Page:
This was a hoot to read.
Anonymous said…
I am in your boat. We had our 1st meeting last February(sophomore year)and the college guidance dept. showed us a giant 4" binder that they will give to each family at this year's meeting(1st week of Feb).I get indigestion every time I think of that upcoming mtg and the whole college process. What could possibly be in that huge binder?
We did get the coveted school code. They gave it out to the kids several weeks ago and my daughter has actually used it to begin looking at schools. ** shudder , shudder***
may the force be with you...
RW said…
We are very keen to hear what Middle thought of the MOVIE!
BabelBabe said…
college is overrated anyway.
jenny said…
I was hoping this would be the post titled

Middle reviews Cloverfield and lets Jenny know whether her ten year old son will be scarred for life if she takes him to see this movie

But instead you appeared to get all responsible and parenty on us and then wham! You pull the cell phone escape. Love it.
From Mom-who-has-done-it-already.

1. College visit-where Sorority Girl decides "this is where I'm going and I'm not even applying anywhere else" She got in. Whew!

2. Don't wait until Jan. to apply.Guidance counselor will be armpit deep in applications and get VERY stressed out.

3.Don't wait until Jan. to apply because then Sorority Girl won't hear from 1 and only school until March and will cry whenever a friend gets an acceptance letter.

4. Install a bigger mailbox. Your
current box will overflow with obscene amounts of letters from undesirable colleges, college loan companies, companies who want to sell you stuff your child will NEED, I tell you, NEED to bring to college.
Unless child chooses a college 45 minutes from home and calls to say I'm coming home to get a) food
b) laundry detergent c)a few more towels d)a few more picture frames
e) more money

Grandma Cebe said…
I've been lurking on your site. But must now comment. The college app process is so near and dear to my heart. I'm SO GLAD that this process is behind our family!! My youngest is a junior in college. All others have graduated. Whew! They went to a private high school where the frenzy started in their freshman year. There was no "secret code". But I found that after I spent a week hauling a van full of HS juniors around San Fransisco and LA chaperoning on college tours, the one and only college counselor was more than happy to be available for one on one meetings, write recommendation letters and pull a few strings if necessary. Guess that was the "secret code".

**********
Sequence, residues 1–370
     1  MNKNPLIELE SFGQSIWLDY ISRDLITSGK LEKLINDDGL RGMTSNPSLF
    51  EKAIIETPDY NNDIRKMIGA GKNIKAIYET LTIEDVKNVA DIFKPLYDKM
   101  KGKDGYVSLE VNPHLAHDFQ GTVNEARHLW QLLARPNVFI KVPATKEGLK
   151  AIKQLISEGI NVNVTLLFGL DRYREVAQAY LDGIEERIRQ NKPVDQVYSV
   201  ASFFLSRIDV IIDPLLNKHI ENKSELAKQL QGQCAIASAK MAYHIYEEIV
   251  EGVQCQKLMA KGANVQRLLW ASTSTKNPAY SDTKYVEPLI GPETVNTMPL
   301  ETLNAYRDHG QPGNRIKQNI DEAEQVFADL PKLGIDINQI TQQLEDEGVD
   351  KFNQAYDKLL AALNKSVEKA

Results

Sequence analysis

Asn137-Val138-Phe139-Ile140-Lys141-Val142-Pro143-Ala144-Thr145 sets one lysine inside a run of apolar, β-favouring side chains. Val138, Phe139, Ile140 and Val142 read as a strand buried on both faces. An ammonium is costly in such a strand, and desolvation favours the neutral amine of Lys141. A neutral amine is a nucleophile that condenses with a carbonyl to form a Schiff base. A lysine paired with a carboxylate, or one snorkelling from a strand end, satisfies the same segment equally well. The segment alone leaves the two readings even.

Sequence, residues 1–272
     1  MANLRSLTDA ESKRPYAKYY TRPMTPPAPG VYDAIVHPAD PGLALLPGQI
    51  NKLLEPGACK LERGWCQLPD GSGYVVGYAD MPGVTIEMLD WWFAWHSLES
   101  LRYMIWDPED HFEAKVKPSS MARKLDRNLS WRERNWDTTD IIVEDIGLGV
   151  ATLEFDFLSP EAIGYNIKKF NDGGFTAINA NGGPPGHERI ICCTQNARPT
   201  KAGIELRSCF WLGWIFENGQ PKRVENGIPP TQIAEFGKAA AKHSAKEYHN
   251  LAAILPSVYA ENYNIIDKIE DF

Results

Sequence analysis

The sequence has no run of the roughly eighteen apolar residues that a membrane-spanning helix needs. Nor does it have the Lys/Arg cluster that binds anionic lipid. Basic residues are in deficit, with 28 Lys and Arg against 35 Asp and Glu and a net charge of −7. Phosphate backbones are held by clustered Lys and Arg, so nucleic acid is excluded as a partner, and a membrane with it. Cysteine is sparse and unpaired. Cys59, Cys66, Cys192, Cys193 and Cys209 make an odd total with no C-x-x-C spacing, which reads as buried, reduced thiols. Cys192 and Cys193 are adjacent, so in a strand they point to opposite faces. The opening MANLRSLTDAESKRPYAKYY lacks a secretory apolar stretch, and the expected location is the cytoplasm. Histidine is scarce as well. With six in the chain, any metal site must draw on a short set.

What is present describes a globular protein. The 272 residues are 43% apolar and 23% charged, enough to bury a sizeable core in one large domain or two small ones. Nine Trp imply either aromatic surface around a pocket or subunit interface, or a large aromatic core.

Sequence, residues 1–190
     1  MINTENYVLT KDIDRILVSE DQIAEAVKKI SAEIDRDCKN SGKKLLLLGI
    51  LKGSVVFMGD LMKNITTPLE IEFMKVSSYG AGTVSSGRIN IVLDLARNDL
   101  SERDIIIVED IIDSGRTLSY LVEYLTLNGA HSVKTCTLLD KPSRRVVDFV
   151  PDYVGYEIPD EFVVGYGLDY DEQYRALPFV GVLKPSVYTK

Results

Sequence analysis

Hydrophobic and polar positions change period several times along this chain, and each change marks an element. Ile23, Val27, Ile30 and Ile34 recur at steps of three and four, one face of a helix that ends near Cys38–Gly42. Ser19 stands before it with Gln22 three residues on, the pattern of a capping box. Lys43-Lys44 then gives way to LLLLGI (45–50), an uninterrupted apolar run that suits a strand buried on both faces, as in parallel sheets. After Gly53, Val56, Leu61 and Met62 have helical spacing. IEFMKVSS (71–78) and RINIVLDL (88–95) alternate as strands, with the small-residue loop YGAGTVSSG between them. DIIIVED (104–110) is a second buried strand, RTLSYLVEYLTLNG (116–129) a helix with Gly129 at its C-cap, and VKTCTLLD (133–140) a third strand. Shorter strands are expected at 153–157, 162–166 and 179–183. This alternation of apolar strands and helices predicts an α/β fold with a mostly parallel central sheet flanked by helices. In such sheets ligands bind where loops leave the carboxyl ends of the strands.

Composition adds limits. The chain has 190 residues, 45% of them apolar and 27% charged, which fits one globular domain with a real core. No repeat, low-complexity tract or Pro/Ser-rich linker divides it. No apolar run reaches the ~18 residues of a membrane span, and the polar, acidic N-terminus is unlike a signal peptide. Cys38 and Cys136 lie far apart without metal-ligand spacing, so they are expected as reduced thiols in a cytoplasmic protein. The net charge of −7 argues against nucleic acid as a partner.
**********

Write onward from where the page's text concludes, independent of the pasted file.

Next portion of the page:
Good luck with Middle and the college stuff.
Fannie said…
WAAHH! We just did this and now are turning around to do it again. The secret code I want is the one that gets them to write the flippin' essays more than 48 hours before they are due!
Unknown said…
Our meeting is next week and this will be the second one. The first was to hand out a huge packet that I promptly misplaced after reading it, outlining the use of the program and how to get financial aid for school applications and sat tests. I'm so not looking forward to this.
Joke said…
The fact Middle told you EXACTLY what I would have told you only proves that he could skip ahead to getting his MD or MBA or whatever.

Poppy B. said…
It's lucky I've already gone to college, because I'd flunk the essay, which is apparently about a movie called Cloverfield, which I've never heard of.

Also, my son is kicking my ass at Guitar Hero.

I'm heading to the 18th Century to ask whether they have any openings.
Anonymous said…
We were ever so lucky. #1 son scored a perfect 36 on the ACT and 15-something on the SAT, and thus got got a $25K/year scholarship to NYU, the #1 picked school by high school seniors. (Even though he would have preferred to go to Berkeley, but they only offered him the opportunity to borrow $30K+/year at market rates) NYU was buying high SAT/ACT scores, and he was happy to be purchased.
Paula said…
First and foremost, early application is in fact VERY key. many institutions of higher learning throw out, willy-nilly, invitations to attend early on, but then when the year wears on and the spots fill, it doesn't matter even if you scored 1400 on your sat's, and have a glowing resume'.

Ask me how I know...